3 Cheap High-Yield Stocks for Hardcore TFSA Investors

Yield-thirsty TFSA investors can equally allocate their 2022 contribution limits to three cheap, high-yield dividend stocks to generate higher tax-free income.

| More on:
Increasing yield

Image source: Getty Images

The annual Tax-Free Savings Account (TSFA) limit hasn’t changed since 2019. Users who have used up their contribution rooms have a fresh $6,000 limit in 2022. With inflation rising at a faster past, Canadians will turn to their TFSAs to create a financial cushion or passive income.

For hardcore TFSA investors, Rogers Sugar (TSX:RSI), American Hotel Income Properties (TSX:HOT.UN), or AHIP, and Diversified Royalty (TSX:DIV) are the best options. You won’t spend more than $6 per share on the three price-friendly stocks to partake of the generous yields.

Recession resistant

Rogers Sugar is a consumer staple stock, so the business will stay afloat in inflationary and deflationary periods. In Q1 fiscal 2022, the $606.83 million sugar and maple producer experienced lower sales volume from market volatility. Management reported 5.5% and 17.5% declines, respectively, in sugar and maple syrup volumes versus Q1 2021.

However, due to improved pricing during the quarter, gross margins increased. Total revenue grew 3.1%, while net earnings climbed 25.1% compared to the same quarter last year. Notwithstanding the greater volatility in customer demand in Q4 2021, Rogers Sugar maintains a positive financial outlook for 2022.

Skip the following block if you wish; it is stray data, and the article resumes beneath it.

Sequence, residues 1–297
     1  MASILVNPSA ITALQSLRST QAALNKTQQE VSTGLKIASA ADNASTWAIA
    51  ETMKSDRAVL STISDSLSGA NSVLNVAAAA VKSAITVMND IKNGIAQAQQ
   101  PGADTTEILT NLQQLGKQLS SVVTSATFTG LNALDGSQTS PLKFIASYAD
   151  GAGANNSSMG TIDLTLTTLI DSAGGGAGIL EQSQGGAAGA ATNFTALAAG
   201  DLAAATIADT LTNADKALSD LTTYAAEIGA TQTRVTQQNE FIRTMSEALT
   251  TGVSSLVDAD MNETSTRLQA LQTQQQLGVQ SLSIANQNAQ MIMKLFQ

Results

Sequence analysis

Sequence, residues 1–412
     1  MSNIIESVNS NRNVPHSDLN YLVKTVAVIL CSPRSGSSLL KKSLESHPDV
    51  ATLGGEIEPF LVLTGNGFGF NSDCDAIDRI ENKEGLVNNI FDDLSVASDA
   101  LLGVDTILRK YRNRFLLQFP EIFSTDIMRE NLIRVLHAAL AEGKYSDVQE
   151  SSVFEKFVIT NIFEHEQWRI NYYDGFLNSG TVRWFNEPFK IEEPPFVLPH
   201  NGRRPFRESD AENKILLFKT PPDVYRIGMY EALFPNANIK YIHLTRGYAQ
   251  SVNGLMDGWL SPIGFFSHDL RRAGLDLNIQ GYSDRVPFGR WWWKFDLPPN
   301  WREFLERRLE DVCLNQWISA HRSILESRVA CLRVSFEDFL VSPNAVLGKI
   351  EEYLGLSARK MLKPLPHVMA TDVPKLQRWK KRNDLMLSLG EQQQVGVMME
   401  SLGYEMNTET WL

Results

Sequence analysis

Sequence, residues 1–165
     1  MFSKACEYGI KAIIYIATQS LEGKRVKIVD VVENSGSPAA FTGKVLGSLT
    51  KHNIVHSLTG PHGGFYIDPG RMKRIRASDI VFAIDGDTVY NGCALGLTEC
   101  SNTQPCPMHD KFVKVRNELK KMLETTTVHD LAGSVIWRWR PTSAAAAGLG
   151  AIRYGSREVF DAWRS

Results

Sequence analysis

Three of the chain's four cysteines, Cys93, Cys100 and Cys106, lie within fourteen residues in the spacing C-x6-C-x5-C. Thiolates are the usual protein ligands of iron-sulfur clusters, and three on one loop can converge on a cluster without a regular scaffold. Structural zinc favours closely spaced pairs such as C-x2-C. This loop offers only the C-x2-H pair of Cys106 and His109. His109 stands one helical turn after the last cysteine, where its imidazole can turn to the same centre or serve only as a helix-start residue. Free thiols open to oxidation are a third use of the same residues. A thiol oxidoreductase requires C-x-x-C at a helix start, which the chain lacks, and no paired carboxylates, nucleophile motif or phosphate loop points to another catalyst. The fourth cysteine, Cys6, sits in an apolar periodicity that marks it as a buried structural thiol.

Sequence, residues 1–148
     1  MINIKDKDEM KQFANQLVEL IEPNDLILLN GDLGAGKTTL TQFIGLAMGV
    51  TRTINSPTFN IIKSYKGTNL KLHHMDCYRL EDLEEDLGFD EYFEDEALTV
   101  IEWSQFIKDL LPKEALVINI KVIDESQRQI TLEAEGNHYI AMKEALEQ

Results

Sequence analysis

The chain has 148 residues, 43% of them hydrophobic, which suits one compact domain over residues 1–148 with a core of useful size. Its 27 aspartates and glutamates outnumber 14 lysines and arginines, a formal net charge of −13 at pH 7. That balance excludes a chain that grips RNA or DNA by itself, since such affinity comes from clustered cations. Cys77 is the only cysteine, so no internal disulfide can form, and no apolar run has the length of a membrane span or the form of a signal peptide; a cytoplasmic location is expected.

The recession-resistant stock hardly displays wild price swings. At $5.85 per share, Rogers Sugar pays a fantastic 6.15% dividend.

Recovery mode

AHIP was a dividend beast until the global pandemic crippled the hotel industry. The real estate investment trust (REIT) had to cut costs and suspend payouts to shareholders after Q1 2020 to conserve cash. Interestingly, the real estate stock outperforms the TSX year to date at +17.77% versus -1.01%.

This $349.17 million REIT owns and operates premium-branded, select-service hotels in the secondary metropolitan markets in the United States. AHIP is in recovery mode, as evidenced by the impressive results in Q3 fiscal 2021. Total revenue and net operating income (NOI) increased 47.7% and 80.8%, respectively, versus Q3 fiscal 2020.

Net income reached $15.7 million compared to the $12.7 million net loss in the same quarter in fiscal 2020. The 68.8% occupancy rate from 57.1% was also a bright spot. AHIP’s CEO, Jonathan Korol, said the board has approved the reinstatement of distributions.

Korol added, “The return of our monthly distribution is appropriate and possible due to the financial resiliency of our portfolio.” At $4.44 per share, AHIP offers a 5.16% dividend.

Cheapest cash cow

Diversified Royalty is the cheapest cash cow you can find on the TSX. The share price is only $3.08, but the dividend yield is an ultra-high 7.14%. The $376.53 million multi-royalty corporation owns the trademark to Mr. Lube, AIR MILES, Mr. Mikes, Sutton, Nurse Next Door, and Oxford Learning Centres.